dave-mittlemanIndra Tamang’s story is nothing short of amazing. He came from less-than-humble beginnings, growing up in a mud, straw, and stone house in his homeland of Nepal and barely knew how to write. Nevertheless, as luck would have it, he landed a job at a hotel in Katmandu, the capital of Nepal. But his good luck didn’t run out there: after meeting a wealthy hotel patron, Tamang was able to travel the world, met many famous people including Andy Warhol and John Lennon, and lived in France, New York, and the Greek Island of Crete. Then, almost four decades later, luck found Tamang again when he inherited millions of dollars of property and valuable paintings from Ruth Ford.

Tamang doesn’t attribute his success to luck at all, rather he believes his loyalty is what brought him good fortune. After all, he attended to Ruth Ford and her brother for 36 years prior to their deaths, available for round-the-clock care as Ruth’s health deteriorated.

Tamang’s story rise to fortune began when he met Charles Henri Ford, a Mississippi-born writer, photographer, and cultural activist while working at the hotel in Katamandu. Charles originally hired Tamang to buy groceries, cook, and mail letters but later trained him how to be a photographer’s assistant. That’s when Tamang’s travels around the world began. He became like a type of pseudo-son to Charles and attended star-studded parties, all while working as an assistant photographer. The photographs that Tamang helped to take later appeared in Charles Ford’s famous books and at art exhibitions in Manhattan.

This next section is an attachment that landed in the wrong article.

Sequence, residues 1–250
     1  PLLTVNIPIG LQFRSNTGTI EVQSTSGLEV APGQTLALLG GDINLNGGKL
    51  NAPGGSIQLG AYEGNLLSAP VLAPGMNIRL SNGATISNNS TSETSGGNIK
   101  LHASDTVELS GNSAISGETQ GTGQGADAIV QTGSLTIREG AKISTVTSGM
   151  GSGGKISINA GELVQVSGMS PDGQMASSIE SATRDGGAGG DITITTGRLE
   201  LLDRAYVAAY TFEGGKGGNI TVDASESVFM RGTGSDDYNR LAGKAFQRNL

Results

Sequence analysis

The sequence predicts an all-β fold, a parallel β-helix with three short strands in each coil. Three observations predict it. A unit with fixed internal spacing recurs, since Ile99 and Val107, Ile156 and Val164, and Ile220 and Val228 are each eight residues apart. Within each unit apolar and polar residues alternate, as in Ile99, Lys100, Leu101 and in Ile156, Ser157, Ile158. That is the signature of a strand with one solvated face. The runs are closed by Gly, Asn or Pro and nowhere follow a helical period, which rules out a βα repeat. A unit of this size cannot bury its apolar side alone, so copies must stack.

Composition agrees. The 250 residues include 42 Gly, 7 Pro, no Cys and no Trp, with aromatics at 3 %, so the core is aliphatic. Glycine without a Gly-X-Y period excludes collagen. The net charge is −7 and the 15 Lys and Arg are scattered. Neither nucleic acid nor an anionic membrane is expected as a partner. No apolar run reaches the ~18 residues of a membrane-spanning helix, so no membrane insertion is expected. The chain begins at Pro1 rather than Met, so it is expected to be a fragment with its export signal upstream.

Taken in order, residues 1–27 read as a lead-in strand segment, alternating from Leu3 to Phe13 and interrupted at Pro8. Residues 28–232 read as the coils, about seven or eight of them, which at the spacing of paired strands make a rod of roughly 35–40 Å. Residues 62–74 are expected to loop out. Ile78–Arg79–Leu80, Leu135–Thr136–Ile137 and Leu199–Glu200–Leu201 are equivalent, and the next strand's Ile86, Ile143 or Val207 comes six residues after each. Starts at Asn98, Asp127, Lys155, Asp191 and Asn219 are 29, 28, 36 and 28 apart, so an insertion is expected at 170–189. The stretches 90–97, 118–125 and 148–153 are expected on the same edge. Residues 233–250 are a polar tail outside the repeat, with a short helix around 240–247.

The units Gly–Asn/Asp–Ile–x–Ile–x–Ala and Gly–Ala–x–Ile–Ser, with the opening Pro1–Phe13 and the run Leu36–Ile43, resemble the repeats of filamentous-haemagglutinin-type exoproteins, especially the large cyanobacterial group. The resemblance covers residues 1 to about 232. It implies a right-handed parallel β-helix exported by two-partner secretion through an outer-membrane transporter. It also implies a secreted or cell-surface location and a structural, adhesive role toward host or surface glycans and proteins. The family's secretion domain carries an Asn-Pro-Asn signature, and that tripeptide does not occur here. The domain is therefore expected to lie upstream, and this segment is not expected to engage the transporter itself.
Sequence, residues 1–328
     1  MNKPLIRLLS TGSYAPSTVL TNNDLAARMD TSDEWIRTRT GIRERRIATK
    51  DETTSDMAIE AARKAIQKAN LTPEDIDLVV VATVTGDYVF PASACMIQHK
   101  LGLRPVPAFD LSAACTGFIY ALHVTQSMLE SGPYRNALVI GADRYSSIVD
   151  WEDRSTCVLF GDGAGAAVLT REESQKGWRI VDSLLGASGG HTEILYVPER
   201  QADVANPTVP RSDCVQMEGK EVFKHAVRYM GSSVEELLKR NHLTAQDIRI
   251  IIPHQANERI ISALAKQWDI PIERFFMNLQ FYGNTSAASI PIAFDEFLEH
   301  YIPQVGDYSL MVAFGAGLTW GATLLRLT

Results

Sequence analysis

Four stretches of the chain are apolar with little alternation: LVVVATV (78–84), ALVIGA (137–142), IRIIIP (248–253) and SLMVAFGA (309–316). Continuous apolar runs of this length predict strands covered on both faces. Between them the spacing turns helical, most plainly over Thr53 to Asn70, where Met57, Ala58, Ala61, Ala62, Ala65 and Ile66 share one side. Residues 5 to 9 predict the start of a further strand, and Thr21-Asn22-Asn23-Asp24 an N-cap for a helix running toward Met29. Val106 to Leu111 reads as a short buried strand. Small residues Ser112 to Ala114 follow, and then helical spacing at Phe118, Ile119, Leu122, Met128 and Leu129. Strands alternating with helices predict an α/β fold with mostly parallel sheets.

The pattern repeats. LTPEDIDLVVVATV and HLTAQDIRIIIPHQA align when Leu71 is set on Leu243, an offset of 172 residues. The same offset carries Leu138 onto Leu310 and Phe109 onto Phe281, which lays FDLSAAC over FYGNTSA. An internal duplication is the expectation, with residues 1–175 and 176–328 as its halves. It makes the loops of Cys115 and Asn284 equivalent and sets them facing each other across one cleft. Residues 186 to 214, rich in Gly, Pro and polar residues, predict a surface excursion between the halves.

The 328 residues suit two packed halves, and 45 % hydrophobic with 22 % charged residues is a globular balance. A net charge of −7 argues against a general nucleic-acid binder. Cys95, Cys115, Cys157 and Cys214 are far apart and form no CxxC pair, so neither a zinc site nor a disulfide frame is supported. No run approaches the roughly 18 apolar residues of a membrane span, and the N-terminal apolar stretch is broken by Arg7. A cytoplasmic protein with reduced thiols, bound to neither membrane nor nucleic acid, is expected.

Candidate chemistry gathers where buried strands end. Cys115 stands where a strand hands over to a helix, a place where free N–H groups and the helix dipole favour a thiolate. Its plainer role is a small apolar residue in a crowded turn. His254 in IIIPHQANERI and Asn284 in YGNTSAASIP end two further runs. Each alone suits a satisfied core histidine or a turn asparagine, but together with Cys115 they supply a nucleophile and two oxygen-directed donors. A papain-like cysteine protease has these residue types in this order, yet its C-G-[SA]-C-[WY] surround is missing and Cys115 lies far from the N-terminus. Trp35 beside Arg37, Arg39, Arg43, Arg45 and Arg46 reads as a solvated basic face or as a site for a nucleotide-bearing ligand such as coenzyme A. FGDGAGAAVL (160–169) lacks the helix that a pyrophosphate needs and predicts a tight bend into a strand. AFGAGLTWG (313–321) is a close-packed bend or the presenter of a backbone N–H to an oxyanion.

After Charles died in 2002, Tamang’s attention shifted to Ruth, who was losing her sight and hearing. He attended to her at her call, skipping family vacations to take care of Ruth’s bills and appointments and to help supervise her home.

These days, Tamang still isn’t a millionaire—although the Wall Street Journal recently made him out to be one. Until Ruth’s estate and paintings sell, Tamang’s life still hasn’t changed very much since the Fords weren’t very cash-rich. Furthermore, during his service as a butler to the Fords, there were times that Tamang felt homesick, but he consoled himself by stating “be happy where you are”. Overall, Tamang’s greatest happiness in his daughter, 10-year-old Zina. Recently, he was quoted as saying: “I thank my mother and father for putting me on this Earth. And thank you, Mississippi, for bringing Charles to me. And thanks to him and Ruth for making me a New Yorker! And thank you, America.”